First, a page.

• Government-bond yield curves flattened during the month; inflation-indexed sovereign debt was the top performer within fixed interest, retaining its lead from the third quarter.
  • While US inflation may be near a peak, Europe appears poised for further acceleration given immediate concerns about the cost of energy.

Equities charged ahead around most of the world in October, erasing September’s dip. Developed-market shares surged, with the US at the helm, while emerging-market shares mounted a subdued advance. European and UK shares delivered strong performance in October, while Japan continued its countertrend pattern with a plunge that offset its sizeable September gain.

Outside of developed markets, Argentina and Indonesia sustained remarkable multi-month runs, and China offset recent drops with a healthy showing in October. Peru outpaced nearly all other markets (second only to Egypt), but Latin America’s overall equity-market performance sank as Brazil and Chile clocked the worst emerging-market country-level performance.

Government-bond yield curves flattened in the UK, eurozone and US during October as short-to-medium-term rates climbed and longer-term rates declined. Inflation-indexed sovereign debt retained its third-quarter rank as the top-performing segment of fixed-interest markets in October, while local-currency emerging-market debt continued to sustain deepest losses.

The price of West Texas Intermediate crude oil increased by 11.4% to end October at $83.57 per barrel, its highest level since October 20141.

The number of new COVID-19 cases reported globally appeared to bottom in mid-October after hitting a recent peak in mid-August (as measured by the seven-day average, according to Reuters’ global tracker). By the month’s end, Eastern Europe (and, to a lesser degree, the Caribbean and Southeast Asia) had the highest concentrations of countries contending with all-time peak or near-peak outbreaks2.

On a country-level, the US continued to report the highest average number of new infections and COVID-19-related deaths per day at the end of October; yet its infection rate declined to 29% of its all-time high. The UK averaged the second-largest number of daily infections and recorded a rising infection trajectory for most of October, but it registered a much lower death rate compared to other countries. Russia had the third-highest average number of new infections per day in late October (hitting its all-time peak at the end of the month) and averaged the second-highest daily number of COVD-19-related deaths. By the end of the month, large majorities of the UK (74%) and US (67%) populations had received at least one COVID-19 vaccine dose, while 38% of Russia’s residents had received the same3.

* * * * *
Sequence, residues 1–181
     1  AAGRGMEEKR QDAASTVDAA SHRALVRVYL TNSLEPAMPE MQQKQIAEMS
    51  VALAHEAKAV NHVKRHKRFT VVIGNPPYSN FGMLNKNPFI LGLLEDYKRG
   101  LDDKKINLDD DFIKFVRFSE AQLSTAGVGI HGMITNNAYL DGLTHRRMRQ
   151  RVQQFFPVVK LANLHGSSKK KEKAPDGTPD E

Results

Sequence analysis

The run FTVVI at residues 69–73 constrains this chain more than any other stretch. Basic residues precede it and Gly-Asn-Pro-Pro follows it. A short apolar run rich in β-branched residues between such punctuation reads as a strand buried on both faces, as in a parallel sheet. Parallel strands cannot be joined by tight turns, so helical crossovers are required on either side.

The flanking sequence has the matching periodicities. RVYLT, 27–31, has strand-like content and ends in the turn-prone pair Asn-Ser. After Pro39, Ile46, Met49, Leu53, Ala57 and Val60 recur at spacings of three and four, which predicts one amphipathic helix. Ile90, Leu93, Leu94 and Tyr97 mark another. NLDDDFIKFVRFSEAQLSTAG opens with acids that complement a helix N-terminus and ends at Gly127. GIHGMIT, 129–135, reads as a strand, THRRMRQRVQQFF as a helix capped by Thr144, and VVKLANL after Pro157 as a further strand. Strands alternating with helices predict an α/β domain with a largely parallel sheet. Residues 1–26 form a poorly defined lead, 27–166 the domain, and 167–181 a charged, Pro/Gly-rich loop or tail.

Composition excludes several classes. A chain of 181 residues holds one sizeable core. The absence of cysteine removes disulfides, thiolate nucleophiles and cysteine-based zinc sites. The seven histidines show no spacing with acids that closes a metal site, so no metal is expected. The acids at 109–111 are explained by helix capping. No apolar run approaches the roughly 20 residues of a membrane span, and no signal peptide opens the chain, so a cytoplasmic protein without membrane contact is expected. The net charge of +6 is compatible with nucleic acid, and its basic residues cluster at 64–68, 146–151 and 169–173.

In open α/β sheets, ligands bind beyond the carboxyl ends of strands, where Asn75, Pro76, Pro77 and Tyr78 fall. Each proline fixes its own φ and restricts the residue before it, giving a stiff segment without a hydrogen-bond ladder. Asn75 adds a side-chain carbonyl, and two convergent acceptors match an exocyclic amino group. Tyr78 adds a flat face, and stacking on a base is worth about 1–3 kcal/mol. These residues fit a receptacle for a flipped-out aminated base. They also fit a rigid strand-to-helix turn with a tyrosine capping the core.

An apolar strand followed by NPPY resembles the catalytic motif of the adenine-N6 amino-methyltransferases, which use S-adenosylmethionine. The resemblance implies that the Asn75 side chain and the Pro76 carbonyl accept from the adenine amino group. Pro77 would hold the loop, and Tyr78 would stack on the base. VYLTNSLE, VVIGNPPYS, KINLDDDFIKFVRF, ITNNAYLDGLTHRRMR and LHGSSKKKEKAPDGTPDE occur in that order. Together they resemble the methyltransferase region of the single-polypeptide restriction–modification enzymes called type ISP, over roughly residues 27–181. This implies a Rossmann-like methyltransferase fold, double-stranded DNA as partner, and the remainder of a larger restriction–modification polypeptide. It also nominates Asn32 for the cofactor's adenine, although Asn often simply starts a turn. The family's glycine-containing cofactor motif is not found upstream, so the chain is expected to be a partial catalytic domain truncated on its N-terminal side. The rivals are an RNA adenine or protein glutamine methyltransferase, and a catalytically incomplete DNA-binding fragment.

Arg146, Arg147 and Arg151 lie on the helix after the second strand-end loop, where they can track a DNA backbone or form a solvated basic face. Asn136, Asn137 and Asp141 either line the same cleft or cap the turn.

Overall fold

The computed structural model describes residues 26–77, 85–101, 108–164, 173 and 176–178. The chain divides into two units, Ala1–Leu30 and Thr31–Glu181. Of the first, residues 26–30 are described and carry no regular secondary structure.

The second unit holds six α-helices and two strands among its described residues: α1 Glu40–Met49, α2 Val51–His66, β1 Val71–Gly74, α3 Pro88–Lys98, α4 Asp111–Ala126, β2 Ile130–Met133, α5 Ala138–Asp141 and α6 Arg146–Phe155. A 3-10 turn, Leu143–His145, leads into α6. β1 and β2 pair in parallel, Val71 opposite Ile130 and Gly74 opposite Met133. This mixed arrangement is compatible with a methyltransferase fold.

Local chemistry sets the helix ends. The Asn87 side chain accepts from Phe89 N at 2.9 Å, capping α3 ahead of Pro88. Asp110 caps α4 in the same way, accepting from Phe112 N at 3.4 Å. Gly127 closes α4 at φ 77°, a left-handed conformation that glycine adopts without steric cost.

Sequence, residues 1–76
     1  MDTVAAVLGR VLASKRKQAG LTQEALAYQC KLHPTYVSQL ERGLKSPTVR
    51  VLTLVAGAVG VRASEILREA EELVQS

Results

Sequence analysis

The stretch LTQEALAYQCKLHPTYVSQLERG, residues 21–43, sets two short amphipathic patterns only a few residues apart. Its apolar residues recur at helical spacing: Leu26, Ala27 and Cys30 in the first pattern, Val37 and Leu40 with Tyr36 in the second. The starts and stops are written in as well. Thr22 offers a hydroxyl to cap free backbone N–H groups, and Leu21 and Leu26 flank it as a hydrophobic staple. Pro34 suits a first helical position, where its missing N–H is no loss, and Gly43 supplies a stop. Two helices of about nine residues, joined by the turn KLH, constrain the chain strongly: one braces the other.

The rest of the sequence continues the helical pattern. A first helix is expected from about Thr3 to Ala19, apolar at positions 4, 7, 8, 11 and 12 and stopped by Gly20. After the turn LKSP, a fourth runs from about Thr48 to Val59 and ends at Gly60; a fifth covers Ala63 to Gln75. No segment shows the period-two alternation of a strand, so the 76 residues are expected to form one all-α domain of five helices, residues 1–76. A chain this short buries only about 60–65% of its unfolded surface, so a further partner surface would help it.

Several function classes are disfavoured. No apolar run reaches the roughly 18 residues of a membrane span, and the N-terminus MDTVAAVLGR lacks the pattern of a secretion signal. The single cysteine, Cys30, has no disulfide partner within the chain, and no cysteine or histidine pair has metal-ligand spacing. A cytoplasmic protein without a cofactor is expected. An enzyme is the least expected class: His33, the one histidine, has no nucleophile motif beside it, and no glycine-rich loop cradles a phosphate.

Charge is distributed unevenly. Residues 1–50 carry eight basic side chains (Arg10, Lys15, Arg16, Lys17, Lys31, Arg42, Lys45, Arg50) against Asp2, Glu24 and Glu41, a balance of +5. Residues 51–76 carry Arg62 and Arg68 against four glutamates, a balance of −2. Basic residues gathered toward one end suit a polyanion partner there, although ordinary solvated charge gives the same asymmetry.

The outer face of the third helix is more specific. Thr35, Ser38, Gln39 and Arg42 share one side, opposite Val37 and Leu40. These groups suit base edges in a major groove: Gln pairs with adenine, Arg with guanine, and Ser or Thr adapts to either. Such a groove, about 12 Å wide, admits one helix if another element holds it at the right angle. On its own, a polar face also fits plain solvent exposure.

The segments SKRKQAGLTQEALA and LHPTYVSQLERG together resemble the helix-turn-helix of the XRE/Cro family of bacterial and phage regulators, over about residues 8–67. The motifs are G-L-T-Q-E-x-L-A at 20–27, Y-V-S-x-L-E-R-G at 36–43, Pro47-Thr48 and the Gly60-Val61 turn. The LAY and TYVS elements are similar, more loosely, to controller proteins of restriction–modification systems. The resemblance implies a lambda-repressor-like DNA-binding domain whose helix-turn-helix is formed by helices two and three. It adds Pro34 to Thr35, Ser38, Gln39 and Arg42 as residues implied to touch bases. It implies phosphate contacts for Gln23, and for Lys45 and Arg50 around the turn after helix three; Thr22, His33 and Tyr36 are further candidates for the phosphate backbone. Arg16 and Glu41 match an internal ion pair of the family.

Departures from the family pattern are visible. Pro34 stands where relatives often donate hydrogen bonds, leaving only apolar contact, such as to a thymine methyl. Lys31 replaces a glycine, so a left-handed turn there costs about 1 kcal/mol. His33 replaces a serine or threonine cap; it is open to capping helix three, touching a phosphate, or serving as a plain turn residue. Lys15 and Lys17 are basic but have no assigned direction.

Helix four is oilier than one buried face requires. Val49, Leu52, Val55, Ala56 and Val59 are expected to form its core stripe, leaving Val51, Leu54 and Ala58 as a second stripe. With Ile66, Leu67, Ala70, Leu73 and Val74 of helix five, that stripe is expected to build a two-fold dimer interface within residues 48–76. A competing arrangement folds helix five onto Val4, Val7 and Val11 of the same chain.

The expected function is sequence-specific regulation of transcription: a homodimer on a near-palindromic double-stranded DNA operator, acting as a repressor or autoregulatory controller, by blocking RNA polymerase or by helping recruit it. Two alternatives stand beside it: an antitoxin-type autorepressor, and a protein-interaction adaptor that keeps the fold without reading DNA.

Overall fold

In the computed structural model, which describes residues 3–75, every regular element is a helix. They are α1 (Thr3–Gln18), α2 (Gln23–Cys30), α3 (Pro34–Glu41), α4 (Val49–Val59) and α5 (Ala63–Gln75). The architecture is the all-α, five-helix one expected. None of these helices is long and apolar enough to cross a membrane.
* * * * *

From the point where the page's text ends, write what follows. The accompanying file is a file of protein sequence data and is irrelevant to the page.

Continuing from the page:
The US Congress voted to increase the federal debt ceiling by $480 billion in mid-October, effectively allowing federal borrowing until early December in order to temporarily prevent a government shutdown. Competing priorities—centred on funding for a large multi-year infrastructure plan and a wide-ranging healthcare, education and child care program—have fragmented the Democrats’ razor-thin majority; although there appears to be enough votes to enact the infrastructure priorities.

In early October, US Trade Representative Katherine Tai formally articulated the US-China trade policy of President Joe Biden’s administration, which includes retaining existing tariffs, avoiding new ones, and committing to the Phase One trade deal. She also announced the reinstatement of an exclusion process for US companies that apply for relief from tariff-induced damages.

Beleaguered Chinese property developer Evergrande made two interest payments in October as 30-day grace periods were set to expire, narrowly averting defaults. Fantasia Holdings Group, a much smaller developer, failed to repay a $206 million bond payment early in the month.

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1 According to market data from The Wall Street Journal
2 “COVID-19 Global Tracker.” Reuters.
3 “COVID-19 Vaccination Tracker.” Reuters.

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